Let’s take a look at a variety indexes, one commodity, and one commodity-related index
Copper , TSX, S&P and, to a muted extend, Australia have kept pace making new highs.
Copper has been a hell of leading indicator so far in the grand reflation endeavour that started 2009.
We see that the Baltic Dry Index (BDI) has not been doing all that well. There has been a significant drop in the amount of shipping. Can it be that most of the rise of commodity prices are because of monetary reasons and not necessarily because of economic reasons? Is that why the emerging market EEM has been lagging the performance of TSX and Australia?
I mean, OK, two commodity centric indexes have been doing well, but a major group of commodity consumers are not looking all that strong.
Let’s take a look at a bunch of other indexes
Brazil, India and China all lag the recent highs by S&P, Copper and TSX
So, is the recent high a North American phenomena?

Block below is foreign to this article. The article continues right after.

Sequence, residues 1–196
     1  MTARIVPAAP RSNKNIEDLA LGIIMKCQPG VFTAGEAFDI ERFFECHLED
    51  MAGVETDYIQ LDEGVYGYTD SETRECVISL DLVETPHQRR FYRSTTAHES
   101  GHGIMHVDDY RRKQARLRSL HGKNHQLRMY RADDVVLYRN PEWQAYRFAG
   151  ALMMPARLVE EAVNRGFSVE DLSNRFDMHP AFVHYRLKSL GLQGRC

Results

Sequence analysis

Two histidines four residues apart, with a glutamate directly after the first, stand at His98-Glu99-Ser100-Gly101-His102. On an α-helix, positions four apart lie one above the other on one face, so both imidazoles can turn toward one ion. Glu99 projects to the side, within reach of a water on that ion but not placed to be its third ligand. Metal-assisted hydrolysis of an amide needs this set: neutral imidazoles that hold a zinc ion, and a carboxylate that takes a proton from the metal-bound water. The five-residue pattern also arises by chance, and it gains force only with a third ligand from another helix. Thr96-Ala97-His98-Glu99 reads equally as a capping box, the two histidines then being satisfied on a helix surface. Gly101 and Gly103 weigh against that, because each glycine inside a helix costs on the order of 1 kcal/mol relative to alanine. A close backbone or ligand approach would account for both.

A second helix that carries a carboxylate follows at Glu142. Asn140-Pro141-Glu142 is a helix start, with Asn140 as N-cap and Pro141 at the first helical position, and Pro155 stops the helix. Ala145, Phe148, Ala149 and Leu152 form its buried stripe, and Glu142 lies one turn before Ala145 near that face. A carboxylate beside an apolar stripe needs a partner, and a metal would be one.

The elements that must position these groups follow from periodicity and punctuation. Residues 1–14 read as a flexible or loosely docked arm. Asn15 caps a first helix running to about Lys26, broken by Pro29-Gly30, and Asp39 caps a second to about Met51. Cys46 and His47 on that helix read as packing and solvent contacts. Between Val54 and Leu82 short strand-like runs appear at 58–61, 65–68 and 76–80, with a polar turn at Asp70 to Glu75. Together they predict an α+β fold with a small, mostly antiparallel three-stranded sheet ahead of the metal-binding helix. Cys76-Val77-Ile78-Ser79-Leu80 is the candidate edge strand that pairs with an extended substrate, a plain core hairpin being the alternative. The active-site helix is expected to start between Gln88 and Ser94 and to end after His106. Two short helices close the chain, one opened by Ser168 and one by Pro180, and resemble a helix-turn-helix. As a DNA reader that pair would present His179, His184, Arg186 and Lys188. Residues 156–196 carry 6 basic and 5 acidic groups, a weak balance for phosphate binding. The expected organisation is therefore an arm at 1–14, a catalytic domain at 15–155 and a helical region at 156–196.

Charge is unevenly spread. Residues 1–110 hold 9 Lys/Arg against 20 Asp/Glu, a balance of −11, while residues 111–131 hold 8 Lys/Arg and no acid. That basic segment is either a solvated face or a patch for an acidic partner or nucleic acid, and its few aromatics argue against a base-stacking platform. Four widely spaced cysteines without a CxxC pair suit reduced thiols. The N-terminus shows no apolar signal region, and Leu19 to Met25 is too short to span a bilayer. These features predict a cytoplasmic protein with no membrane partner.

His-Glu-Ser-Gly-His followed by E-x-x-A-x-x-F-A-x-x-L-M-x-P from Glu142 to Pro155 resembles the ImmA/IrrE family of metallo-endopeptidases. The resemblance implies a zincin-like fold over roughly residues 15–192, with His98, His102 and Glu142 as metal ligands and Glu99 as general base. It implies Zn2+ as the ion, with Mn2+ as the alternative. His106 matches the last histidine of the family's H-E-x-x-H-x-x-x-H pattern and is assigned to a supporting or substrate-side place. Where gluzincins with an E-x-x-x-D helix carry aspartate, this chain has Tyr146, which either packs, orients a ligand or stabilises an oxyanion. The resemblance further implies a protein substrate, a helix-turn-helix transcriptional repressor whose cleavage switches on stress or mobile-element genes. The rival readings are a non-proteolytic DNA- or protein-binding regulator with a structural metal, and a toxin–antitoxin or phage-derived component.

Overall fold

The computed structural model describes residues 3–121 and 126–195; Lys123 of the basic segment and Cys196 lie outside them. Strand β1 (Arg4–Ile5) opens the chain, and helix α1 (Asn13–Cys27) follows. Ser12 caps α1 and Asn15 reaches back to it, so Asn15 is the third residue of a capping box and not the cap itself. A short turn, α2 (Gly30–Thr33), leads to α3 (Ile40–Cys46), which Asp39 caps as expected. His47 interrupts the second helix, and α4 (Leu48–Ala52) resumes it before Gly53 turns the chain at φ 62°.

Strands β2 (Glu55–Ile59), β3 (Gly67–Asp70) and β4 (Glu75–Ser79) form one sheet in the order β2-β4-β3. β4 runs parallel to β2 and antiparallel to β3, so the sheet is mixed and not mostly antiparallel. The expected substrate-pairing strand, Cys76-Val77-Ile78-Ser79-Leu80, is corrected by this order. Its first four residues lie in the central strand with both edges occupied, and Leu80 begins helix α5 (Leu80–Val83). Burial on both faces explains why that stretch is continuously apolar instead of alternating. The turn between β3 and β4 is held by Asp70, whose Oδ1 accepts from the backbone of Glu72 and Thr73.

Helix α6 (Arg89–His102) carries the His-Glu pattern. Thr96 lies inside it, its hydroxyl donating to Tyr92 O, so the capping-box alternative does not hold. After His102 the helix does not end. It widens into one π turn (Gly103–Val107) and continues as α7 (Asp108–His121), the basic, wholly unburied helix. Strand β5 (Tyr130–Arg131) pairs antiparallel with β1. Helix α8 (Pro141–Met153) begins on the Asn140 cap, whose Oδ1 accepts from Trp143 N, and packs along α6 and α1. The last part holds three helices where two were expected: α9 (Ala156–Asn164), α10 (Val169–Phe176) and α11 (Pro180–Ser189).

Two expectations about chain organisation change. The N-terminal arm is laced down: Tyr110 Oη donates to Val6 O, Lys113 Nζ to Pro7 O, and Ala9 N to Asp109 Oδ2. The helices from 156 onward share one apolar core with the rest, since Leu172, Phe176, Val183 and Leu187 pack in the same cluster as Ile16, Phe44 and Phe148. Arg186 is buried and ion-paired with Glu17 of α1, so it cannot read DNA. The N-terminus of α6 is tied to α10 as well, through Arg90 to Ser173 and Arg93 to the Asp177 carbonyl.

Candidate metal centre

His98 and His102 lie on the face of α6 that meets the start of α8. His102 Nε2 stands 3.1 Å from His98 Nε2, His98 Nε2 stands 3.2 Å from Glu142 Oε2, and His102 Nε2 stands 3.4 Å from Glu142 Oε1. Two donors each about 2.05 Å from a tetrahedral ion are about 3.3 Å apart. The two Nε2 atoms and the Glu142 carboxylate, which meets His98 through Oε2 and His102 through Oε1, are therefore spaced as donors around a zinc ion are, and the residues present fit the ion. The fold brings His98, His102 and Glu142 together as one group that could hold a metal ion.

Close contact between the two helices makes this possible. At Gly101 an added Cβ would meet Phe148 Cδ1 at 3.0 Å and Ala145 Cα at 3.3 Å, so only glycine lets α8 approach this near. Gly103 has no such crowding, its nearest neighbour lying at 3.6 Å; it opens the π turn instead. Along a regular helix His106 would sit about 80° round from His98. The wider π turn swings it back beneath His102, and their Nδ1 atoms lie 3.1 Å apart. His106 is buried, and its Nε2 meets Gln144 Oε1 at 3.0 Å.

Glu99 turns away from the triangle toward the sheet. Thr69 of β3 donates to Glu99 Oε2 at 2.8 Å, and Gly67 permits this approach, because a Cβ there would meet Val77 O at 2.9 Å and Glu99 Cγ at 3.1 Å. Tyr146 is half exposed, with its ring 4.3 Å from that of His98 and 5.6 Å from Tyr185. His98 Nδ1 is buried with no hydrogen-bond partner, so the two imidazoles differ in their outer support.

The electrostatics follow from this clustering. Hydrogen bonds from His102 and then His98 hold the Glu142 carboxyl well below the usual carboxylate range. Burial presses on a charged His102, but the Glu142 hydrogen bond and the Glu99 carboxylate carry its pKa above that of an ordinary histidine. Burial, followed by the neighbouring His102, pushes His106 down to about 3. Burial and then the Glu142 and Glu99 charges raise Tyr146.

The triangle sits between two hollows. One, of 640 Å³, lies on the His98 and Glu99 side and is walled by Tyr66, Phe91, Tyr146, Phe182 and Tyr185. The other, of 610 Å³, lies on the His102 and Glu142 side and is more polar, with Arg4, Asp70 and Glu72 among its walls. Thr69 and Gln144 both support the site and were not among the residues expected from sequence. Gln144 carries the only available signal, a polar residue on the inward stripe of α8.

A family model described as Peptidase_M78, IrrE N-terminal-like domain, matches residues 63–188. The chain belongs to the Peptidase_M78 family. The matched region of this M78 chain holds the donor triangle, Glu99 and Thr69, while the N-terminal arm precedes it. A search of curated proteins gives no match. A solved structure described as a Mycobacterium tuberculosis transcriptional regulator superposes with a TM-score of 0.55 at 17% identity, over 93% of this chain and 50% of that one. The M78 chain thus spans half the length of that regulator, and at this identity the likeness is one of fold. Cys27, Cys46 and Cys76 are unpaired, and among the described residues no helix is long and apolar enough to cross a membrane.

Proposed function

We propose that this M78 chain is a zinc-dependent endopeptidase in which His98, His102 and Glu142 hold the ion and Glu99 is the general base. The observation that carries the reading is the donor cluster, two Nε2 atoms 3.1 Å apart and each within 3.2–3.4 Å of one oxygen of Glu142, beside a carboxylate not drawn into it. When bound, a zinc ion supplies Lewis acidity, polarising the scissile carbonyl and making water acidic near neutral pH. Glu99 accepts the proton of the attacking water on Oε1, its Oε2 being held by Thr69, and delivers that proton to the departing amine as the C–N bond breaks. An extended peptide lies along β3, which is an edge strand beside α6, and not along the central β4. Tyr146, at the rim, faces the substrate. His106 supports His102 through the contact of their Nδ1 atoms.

Yes, Russian (RTSI) index is doing fine, but I continue to refuse to regard the Russian index as an index of a free (whatever that might mean) market
Overall, it’s a non-uniform picture. Different countries, or securities go through different cycles. The important thing is the long-term trend that is still up for all of them, and flat for China.
Copper may still stay an important indicator. It has responded well to economic conditions. It has responded well to monetary conditions.
As I mentioned some posts ago, money (liquidity?) drives the capital markets. Favorable economic conditions may persuade money to stay in the capital markets.
A better global economy should see the Baltic index improve and the emerging markets improve. Without that, IMHO, we will be at the mercy, and the largesse of monetary policies for continued strength in major indexes.
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